The FPC said that banks had gone as far as they could to raise capital by keeping down pay, dividends and share buybacks.
"But the committee remained concerned that capital was not yet at levels that would ensure resilience in the face of prospective risks," the FPC said. "It therefore advised banks to raise external capital as early as feasible."
The 11-member FPC reached this decision at its quarterly meeting on March 16, and said it would review progress by banks at its next meeting in June.
The FPC is one of a new breed of watchdogs springing up across the world to spot risks that go beyond a single bank, plugging a gap highlighted by the financial crisis.
The FPC held its first meeting in June last year, and next year it will gain legal powers to order banks to take action to improve the stability of the financial system as a whole. On Friday, it listed the initial set of three powers that it wanted.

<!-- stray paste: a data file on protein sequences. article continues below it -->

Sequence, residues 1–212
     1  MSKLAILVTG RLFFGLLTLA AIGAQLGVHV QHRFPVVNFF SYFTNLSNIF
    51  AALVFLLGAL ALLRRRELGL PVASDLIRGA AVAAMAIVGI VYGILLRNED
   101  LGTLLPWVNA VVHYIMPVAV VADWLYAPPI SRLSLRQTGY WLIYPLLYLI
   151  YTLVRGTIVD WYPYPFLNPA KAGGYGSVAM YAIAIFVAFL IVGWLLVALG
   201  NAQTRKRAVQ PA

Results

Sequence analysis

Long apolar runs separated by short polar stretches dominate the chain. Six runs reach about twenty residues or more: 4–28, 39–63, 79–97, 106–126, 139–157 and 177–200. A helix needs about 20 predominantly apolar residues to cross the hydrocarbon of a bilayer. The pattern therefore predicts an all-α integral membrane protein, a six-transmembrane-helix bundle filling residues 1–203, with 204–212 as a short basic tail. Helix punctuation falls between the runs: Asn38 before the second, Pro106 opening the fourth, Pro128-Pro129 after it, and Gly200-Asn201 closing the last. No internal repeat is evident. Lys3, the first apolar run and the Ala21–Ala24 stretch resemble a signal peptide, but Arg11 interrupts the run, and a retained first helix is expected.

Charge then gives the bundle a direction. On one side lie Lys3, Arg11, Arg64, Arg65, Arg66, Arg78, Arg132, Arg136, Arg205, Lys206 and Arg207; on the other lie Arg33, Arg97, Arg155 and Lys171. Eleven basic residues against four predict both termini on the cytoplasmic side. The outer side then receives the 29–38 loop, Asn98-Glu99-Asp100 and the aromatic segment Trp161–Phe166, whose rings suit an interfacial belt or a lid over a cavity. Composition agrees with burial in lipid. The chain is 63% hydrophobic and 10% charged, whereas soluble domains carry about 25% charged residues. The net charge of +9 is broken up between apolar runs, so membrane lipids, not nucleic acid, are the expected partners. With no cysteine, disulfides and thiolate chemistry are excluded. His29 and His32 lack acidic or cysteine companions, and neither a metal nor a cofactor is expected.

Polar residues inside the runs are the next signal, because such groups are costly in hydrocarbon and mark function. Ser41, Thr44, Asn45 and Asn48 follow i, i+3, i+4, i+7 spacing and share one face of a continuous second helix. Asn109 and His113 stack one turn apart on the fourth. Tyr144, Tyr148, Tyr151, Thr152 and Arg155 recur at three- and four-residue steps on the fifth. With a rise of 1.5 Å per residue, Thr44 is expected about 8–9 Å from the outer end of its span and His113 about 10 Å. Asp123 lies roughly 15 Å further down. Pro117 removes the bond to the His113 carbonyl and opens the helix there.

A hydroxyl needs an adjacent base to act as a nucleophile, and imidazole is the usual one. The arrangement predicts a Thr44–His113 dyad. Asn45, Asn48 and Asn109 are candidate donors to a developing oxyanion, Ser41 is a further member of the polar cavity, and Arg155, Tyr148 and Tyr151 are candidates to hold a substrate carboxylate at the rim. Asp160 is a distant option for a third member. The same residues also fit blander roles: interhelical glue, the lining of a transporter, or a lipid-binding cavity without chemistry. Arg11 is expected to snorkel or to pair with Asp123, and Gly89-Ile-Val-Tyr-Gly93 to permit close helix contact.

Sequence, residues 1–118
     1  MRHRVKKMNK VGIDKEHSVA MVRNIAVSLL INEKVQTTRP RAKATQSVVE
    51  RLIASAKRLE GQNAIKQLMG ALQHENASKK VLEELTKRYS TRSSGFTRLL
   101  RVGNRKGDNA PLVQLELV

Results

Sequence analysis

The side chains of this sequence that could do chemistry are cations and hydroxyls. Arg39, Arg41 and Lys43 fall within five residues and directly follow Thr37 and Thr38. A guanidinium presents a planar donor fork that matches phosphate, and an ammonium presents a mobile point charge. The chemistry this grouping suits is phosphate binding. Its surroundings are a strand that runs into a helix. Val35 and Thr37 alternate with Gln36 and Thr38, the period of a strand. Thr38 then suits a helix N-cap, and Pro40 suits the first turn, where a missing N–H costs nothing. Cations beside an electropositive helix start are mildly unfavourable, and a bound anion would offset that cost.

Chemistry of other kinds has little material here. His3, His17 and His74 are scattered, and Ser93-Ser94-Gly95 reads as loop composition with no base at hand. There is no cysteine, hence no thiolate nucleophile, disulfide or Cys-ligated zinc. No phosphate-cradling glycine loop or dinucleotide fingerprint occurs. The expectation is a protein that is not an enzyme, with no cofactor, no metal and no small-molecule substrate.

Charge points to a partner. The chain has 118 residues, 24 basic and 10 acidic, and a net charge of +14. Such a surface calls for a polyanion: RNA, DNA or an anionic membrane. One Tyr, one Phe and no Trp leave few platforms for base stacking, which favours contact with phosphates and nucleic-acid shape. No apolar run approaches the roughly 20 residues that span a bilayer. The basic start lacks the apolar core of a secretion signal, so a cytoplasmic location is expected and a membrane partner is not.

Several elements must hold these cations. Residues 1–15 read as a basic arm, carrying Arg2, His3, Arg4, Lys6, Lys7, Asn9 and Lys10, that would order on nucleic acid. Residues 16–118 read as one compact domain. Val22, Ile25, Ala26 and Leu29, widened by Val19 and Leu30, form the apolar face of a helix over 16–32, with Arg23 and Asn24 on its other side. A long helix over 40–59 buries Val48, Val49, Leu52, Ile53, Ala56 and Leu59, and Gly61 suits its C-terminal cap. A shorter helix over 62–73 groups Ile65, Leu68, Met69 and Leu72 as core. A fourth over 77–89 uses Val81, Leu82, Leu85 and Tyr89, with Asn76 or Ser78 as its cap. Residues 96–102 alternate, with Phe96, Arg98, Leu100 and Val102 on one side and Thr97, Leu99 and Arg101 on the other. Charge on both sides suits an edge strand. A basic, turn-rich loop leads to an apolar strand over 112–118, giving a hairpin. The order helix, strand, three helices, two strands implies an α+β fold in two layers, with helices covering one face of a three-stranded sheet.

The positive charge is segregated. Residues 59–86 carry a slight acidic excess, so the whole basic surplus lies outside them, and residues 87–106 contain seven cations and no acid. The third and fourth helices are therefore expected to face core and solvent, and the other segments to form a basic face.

First it wants to be able to order banks to raise or lower capital buffers to smooth out swings in credit supply.
Second, it wants to be able to set capital requirements to cool specific sections of the lending market, for example commercial real estate lending or high loan-to-value mortgages.
Finally, it wants to be able to change banks' overall leverage ratio - effectively how much they can lend in total.
It stopped short of calling for powers to be able to completely ban high loan-to-value or loan-to-income mortgages, saying that the public debate on this was not sufficiently advanced for it to be acceptable for the BoE to do this.
However, these powers will be kept under review and the FPC said it may ask for more powers in future.